Share this page :

I wrote all these down some years ago. They are just choices and everybody will think of others more recent. Ashley Barnes definitely springs to mind. But it’s a funny thing this definition of cult hero…Danny Ings and Kieran Trippier, great players but could you class them as cult heroes? What about managers? I’d class Stan Ternent as a cult hero for his unique originality and one-liners. Apparently, he wanted Brian Jensen to live nearer Burnley rather than Cheshire, Congleton I think, because Congleton, he said, was a three-day camel ride to Burnley.

What a good exam question: Who are your Burnley cult heroes; discuss and give reasons.

Put six fans of any club in any room and ask them to define what makes a cult hero, and I’m pretty sure you’d get six different answers. Hero, legend, cult hero, they can all be so different; yet just sometimes a player can be all three. Maybe the great Jimmy McIlroy is one of the latter. But what is it that makes one player a real cult hero, and not another?  He certainly doesn’t have to play hundreds of games. Some play just a handful.

But what are the qualities and features that need to be present to be a cult hero?  A distinctive appearance perhaps, an outrageous incident on the pitch that has us open-mouthed, a player that inspires a sort of slavish devotion, inspires a laugh, is all-action, the quintessential hard-man, fans can identify with him, he has a dedicated following, could be eccentric; he doesn’t quite fit the mould, some sort of rebel maybe.

But whatever he is, whatever he has done, however he looks, the fans love him for it whether he is the pantomime villain or the loyal servant who has been at the club for 20 years.   It’s an extensive list and it needs to be said again a cult hero might exhibit only one of the above. But however they play, however they behave, whatever they look like, we hold cult heroes in deep affection and remember them for years. There is just something that sets them apart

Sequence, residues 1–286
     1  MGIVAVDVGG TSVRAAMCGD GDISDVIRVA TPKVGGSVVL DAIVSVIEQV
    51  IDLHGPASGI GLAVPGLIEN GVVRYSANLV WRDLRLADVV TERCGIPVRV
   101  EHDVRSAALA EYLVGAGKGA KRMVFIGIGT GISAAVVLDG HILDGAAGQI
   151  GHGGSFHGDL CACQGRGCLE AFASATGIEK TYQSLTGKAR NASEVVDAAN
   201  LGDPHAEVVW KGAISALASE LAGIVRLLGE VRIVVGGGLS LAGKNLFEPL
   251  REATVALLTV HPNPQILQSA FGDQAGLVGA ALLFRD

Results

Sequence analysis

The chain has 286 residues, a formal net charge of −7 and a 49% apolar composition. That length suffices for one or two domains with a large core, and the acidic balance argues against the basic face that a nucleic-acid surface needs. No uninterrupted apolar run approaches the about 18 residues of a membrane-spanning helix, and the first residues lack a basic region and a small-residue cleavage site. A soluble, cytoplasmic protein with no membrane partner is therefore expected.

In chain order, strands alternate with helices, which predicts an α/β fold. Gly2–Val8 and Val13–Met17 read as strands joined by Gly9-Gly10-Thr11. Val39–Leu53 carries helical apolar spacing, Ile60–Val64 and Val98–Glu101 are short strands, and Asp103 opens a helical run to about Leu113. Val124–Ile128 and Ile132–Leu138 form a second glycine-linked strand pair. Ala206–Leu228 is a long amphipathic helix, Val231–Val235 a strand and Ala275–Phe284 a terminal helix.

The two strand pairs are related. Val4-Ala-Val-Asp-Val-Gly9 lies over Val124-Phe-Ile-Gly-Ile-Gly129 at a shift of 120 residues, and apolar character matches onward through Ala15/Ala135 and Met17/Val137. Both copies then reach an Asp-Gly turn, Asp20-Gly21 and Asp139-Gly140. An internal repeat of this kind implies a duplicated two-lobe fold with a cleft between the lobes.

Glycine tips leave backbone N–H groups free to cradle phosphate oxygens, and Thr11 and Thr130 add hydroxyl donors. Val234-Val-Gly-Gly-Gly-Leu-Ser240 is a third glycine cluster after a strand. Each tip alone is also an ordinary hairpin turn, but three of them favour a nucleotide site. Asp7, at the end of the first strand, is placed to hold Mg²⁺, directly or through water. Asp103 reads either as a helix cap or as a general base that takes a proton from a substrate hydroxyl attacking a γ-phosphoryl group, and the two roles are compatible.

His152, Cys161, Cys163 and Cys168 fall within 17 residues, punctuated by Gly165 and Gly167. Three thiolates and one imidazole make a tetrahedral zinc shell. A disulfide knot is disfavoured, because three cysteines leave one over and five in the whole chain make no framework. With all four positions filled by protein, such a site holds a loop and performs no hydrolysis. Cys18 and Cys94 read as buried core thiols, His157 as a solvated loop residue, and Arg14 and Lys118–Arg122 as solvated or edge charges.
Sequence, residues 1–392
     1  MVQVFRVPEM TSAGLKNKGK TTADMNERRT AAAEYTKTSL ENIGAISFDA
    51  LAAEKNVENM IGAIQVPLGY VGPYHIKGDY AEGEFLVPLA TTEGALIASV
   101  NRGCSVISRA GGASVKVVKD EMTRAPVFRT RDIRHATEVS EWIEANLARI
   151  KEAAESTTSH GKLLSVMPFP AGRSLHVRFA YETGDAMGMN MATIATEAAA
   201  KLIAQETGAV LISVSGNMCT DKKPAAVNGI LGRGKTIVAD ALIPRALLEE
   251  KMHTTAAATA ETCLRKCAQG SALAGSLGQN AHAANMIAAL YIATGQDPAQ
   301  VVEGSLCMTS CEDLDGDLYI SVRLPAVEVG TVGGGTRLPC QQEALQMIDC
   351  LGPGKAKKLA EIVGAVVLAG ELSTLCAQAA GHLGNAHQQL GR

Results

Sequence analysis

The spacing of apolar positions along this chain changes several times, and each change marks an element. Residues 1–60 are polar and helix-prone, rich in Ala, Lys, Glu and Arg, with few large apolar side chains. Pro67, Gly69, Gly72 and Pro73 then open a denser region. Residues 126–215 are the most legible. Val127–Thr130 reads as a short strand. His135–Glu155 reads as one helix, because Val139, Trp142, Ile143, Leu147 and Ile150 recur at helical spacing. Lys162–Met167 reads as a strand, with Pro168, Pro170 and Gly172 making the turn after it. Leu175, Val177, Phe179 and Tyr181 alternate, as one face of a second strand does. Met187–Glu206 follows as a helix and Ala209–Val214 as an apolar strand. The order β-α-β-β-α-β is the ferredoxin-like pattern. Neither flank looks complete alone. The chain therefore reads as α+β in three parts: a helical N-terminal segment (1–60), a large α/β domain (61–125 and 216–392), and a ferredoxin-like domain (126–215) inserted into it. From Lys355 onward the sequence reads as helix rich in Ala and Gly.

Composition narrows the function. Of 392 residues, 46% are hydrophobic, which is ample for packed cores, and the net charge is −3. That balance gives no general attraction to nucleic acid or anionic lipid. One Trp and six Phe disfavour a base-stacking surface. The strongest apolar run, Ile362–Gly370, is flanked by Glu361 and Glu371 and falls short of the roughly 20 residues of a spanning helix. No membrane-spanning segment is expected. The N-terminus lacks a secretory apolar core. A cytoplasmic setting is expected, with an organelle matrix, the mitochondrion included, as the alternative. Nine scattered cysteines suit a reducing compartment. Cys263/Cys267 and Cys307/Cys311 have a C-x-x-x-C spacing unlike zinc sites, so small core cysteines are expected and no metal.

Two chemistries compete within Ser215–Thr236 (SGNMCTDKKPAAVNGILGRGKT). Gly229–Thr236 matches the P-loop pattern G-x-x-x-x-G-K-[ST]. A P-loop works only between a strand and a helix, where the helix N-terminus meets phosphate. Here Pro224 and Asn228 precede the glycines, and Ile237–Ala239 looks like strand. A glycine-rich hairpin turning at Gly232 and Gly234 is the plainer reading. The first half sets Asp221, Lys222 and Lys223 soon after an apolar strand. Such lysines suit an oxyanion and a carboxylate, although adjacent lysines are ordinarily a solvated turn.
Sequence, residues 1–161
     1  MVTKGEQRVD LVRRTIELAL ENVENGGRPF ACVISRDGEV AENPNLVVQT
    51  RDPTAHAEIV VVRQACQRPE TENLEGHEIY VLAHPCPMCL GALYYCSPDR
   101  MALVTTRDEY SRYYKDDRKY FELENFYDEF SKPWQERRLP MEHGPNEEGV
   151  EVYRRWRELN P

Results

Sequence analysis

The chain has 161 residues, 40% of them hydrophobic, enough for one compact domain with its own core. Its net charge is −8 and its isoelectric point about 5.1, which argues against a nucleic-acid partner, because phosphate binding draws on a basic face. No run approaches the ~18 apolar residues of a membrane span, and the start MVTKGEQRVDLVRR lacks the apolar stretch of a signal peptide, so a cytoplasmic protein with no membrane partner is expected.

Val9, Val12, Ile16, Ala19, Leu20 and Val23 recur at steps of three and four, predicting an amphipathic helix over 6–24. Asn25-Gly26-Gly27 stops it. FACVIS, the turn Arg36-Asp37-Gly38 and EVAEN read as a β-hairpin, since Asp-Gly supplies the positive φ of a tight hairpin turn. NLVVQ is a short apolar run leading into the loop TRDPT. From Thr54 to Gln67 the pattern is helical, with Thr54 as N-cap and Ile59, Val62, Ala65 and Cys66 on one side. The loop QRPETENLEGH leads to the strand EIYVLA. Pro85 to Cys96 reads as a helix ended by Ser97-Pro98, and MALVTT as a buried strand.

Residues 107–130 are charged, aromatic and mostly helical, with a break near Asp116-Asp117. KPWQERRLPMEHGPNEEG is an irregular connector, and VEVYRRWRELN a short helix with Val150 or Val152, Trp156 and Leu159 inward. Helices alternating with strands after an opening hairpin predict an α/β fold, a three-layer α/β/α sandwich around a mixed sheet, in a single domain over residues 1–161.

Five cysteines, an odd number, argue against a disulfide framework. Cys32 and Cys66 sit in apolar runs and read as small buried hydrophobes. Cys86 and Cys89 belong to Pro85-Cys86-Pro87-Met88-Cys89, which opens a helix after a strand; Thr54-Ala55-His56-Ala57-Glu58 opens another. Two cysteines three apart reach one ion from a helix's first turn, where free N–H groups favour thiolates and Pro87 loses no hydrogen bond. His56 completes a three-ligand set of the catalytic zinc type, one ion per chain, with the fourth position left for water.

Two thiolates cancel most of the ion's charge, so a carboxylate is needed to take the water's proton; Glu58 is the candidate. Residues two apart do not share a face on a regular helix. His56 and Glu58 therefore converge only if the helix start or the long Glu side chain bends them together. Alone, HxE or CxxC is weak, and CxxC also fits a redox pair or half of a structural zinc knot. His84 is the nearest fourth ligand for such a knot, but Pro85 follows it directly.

Robbie Blake: a little genius of a player who could jink his way past an opponent, could strike a venomous shot, could hit wonderful free kicks, could be totally unplayable on a good day, as in the Carling Cup game against Tottenham at Turf Moor in season 2008/09 and could see a pass in an instant. The stunning volleyed goal he scored that won the Premier League game against Man United will be remembered for years to come. His control of the ball was superb, he was two-footed, and his first-touch was sublime. He didn’t thump a ball, he caressed it. He certainly wasn’t the biggest of players and couldn’t head a ball for toffee. But he did one thing in one game that set him apart from the crowd even more.  After a win away at Coventry in the promotion season he did something totally outrageous when he ran to the Burnley fans, turned his back to them, and lowered his shorts. Underneath he had a bright red pair of briefs with the word Bad Beat Bob on the rear, a reference to a losing hand at cards. The club shop then sold hundreds. With a huge wide grin, he wiggled his backside and showed the fans this new fashion statement. It brought the house down.  Cult status was awarded there and then.